Monday, October 4, 2021

The Dishwasher, by Stéphane Larue: Up All Night, Sleep All Day

I can't recall exactly how this small-press indie novel, The Dishwasher, by Stéphane Larue, first popped up on my reading radar — I just remember reading it's about a heavy metal fan working in a restaurant, all the while nursing a nasty gambling addiction. I was like, did this French-Canadian writer dude follow me around in 2001?

Okay, I exaggerate — while I am a huge metal fan (I have the Tshirt to prove it — see below!), and while I've worked some pretty menial catering and restaurant jobs to make ends meet during and after college, and while I do enjoy laying a few bucks here and there on sports, I never had near the problem this guy does with gambling. 

In fact, one of the reason I loved this book is that it's one of the more clear-eyed depictions of gambling addiction I've ever read. Of course, there's much literature about substance abuse and addiction, but gambling can destroy your life just as easily. And this novels pulls no punches in how it shows that.

The story is of a college kid in Montreal studying to be a graphic designer, illustrating album covers for metal bands, and working as a, you guessed it, dishwasher, in a high-end Italian restaurant. But he can't get out of his own way: His girlfriend has dumped him, his roommate has booted him out, and every time he seems to get a little bit ahead, he blows it on the ubiquitous video poker machines at the bars all over Montreal.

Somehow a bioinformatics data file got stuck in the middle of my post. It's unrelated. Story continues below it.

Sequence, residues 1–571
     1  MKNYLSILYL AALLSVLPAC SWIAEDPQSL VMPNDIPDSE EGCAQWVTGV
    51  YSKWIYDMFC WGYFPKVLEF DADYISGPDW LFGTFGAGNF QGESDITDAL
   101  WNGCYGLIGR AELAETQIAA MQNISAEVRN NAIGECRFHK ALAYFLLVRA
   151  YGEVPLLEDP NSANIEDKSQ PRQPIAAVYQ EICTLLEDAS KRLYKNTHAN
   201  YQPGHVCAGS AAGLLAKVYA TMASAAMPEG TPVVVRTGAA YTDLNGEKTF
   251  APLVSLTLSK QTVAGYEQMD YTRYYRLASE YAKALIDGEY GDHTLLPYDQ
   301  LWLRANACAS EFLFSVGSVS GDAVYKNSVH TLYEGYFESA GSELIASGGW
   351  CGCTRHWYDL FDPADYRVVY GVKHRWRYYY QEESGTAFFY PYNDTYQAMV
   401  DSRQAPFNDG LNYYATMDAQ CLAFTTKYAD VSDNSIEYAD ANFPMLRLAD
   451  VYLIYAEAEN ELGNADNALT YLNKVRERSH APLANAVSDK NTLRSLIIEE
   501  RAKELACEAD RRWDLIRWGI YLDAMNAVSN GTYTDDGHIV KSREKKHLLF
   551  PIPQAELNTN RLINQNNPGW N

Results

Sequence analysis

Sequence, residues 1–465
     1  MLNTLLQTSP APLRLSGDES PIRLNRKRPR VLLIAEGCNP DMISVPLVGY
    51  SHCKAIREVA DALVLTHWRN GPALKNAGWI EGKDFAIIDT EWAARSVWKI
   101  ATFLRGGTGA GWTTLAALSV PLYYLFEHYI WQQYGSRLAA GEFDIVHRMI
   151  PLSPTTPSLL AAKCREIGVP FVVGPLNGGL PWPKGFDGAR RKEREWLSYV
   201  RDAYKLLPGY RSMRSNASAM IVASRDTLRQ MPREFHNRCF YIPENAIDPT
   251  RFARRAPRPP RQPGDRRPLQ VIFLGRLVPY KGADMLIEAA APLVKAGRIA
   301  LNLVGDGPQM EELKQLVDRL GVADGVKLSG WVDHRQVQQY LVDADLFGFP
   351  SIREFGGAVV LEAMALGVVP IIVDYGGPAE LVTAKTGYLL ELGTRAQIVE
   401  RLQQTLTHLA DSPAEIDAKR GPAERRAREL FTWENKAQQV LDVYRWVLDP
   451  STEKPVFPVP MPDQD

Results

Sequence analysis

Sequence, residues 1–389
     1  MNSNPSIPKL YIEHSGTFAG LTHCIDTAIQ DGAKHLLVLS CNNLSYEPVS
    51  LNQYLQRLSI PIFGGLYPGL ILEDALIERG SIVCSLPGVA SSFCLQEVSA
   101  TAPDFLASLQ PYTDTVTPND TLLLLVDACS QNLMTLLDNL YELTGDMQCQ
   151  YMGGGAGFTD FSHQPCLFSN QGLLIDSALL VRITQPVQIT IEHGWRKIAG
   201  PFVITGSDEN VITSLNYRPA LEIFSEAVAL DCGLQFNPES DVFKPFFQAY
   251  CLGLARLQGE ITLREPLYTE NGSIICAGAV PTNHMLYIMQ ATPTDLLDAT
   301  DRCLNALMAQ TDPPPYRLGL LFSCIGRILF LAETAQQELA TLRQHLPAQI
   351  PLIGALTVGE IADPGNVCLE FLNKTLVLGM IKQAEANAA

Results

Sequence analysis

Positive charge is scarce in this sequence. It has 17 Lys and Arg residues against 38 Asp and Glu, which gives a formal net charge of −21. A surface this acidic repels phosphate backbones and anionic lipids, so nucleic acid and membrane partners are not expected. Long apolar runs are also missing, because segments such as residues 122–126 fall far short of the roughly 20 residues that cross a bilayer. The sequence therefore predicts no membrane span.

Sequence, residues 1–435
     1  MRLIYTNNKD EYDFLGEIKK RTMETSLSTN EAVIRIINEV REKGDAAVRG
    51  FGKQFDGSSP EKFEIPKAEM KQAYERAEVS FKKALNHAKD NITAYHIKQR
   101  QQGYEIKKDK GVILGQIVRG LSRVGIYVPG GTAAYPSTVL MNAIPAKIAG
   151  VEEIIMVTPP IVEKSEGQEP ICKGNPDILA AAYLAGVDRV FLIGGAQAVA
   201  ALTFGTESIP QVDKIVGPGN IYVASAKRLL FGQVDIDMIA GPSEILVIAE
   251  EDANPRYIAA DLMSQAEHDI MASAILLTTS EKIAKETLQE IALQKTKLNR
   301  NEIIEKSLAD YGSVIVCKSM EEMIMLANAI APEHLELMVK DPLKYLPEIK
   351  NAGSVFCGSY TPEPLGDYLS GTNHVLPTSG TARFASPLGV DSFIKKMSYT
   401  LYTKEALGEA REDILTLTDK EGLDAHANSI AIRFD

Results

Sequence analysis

Another strength here is showing the crazy lives of people working long shifts and late nights in restaurants. Substance abuse and all-night partying are the norm, rather than the exception — you get off work and after being geared up for hours, you can't wind down easily. So you just go on these booze- and drug-filled benders until dawn, sleep until late afternoon, and then do it all again the next day. Our narrator here easily gets caught up in this cycle, and gets swept away by a colorful cast of characters who work with him in the kitchen.

I love small-press books because in novels like this, some stuff slips through that probably would've been edited out in a novel published by a larger house. For example, here we have a whole chapter just of the narrator and his girlfriend going to a Static-X and Megadeth concert in the late 1999s. I guess for establishing the basis for his relationship, this chapter is important. But it could've been easily cut. I'm glad it didn't because of how much fun it is to read about a METAL CONCERT IN LITERATURE.  I was right there with him, moshing to Symphony of Destruction! 

Anyway, there are a few odd translation glitches and proofreading errors here, the latter which always bug me more than they should — another feature of small-press novels. But overall, this was a fantastic read — a story about people you don't often see in fiction, which I always love to read. 

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